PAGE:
He was elected by the trade unions. His party is funded by the trade unions and today Ed Miliband will march with the trade unions in protest at the Coalition's attempts to clean up the economic mess left behind by Gordon Brown (advised throughout by Ed Balls).
In today's Daily Mail Stephen Glover does a good job at pointing out the overall modesty of the government's spending squeeze – when put in the context of the Labour spend-a-thon since the turn of the millennium. "During these ten years," writes Glover, "the proportion of GDP eaten up by public spending rose from 36% to 48%, the highest ever peace-time figure." Read the whole piece.
Labour's expansion of government wasn't used to reform welfare or renew our energy and transport infrastructure but, in large part, to expand the public sector class. What we will see in London today isn't a moral movement, fighting for the rights of the downtrodden but a self-serving movement, determined to protect massive gains in pay, pension rights and perks. The gains were paid for by loans from China and by UK taxpayers in the private sector who have suffered greatly in recent years (and without much coverage from the BBC).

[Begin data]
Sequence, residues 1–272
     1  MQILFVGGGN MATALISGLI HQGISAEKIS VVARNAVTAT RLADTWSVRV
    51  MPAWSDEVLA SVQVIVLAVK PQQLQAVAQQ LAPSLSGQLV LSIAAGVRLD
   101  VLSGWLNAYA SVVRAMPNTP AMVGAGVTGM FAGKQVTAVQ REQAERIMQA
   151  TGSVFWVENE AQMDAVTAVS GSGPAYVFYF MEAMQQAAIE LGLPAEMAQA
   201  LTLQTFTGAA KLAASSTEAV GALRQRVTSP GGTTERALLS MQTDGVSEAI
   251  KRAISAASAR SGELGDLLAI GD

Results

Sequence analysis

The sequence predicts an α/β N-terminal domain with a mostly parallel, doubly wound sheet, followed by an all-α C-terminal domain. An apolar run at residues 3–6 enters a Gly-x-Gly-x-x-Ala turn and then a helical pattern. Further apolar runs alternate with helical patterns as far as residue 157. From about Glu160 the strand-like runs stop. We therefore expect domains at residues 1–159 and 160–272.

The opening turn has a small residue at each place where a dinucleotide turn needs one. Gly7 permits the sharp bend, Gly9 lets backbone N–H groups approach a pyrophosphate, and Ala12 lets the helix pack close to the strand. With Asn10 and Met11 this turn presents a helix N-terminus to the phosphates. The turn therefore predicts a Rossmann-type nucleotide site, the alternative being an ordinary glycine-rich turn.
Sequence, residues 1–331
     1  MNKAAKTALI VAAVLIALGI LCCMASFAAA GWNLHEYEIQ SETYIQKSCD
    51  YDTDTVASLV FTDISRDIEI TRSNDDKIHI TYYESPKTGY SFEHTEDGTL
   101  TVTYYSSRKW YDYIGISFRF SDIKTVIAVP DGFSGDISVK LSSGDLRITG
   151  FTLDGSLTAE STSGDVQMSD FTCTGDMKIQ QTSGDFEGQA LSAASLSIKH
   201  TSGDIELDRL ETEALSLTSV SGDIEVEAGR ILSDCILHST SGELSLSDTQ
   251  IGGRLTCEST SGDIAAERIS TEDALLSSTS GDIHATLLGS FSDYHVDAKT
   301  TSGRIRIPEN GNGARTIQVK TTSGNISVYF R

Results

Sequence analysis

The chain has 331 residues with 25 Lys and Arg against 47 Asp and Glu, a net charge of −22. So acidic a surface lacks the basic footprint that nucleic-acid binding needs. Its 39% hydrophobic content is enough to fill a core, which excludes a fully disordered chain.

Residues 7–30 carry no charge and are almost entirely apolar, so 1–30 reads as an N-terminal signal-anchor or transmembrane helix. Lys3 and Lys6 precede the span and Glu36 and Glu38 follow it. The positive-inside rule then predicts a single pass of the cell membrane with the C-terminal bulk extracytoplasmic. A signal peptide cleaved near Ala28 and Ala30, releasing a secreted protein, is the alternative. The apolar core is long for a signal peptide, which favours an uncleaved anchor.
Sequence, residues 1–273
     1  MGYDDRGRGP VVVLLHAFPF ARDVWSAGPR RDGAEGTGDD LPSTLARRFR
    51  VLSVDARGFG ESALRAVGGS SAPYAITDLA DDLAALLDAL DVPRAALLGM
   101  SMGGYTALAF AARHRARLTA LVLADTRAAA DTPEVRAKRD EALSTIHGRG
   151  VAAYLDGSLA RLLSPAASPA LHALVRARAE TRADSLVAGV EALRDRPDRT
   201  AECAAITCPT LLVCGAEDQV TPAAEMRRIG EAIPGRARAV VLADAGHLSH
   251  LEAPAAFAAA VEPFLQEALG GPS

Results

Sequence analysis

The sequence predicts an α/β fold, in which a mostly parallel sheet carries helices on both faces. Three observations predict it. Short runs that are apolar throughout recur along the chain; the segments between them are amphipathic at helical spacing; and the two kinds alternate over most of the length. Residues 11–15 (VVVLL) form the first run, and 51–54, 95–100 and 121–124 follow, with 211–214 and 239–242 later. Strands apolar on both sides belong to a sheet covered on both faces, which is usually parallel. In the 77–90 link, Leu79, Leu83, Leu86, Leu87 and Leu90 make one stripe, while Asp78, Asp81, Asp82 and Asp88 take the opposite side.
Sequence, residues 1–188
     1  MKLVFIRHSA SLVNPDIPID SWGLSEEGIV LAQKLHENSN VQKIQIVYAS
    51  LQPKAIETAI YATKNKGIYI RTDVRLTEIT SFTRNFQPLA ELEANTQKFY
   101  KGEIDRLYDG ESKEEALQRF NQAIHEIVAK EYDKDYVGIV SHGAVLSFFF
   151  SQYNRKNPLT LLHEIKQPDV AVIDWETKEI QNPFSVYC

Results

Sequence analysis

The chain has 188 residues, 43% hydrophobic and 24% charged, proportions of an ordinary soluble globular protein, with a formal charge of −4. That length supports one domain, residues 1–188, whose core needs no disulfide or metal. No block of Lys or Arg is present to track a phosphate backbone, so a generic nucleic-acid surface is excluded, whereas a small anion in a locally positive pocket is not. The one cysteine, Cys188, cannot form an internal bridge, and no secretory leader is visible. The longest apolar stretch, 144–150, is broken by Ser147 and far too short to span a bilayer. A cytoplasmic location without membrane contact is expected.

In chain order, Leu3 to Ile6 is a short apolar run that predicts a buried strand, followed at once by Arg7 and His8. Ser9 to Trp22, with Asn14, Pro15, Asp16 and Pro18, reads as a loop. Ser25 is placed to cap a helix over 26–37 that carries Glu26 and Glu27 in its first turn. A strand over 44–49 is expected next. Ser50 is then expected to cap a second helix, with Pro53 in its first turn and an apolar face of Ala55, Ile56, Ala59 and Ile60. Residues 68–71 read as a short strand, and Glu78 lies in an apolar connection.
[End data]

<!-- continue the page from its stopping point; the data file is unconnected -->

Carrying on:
The Left's defence of unfairness is a much under-reported phenomenon. I do not know when it quite began but the Left has been deserting the moral high ground for some time now and on a number of fronts. Here are the Ten Commandments Of The New Selfish Left:
I don't say for one minute that many on the Left aren't caring but there are serious signs that it is a movement that has become detached from its early mission. This detachment is greatest in the way it defends public sector interests, regardless of their social usefulness.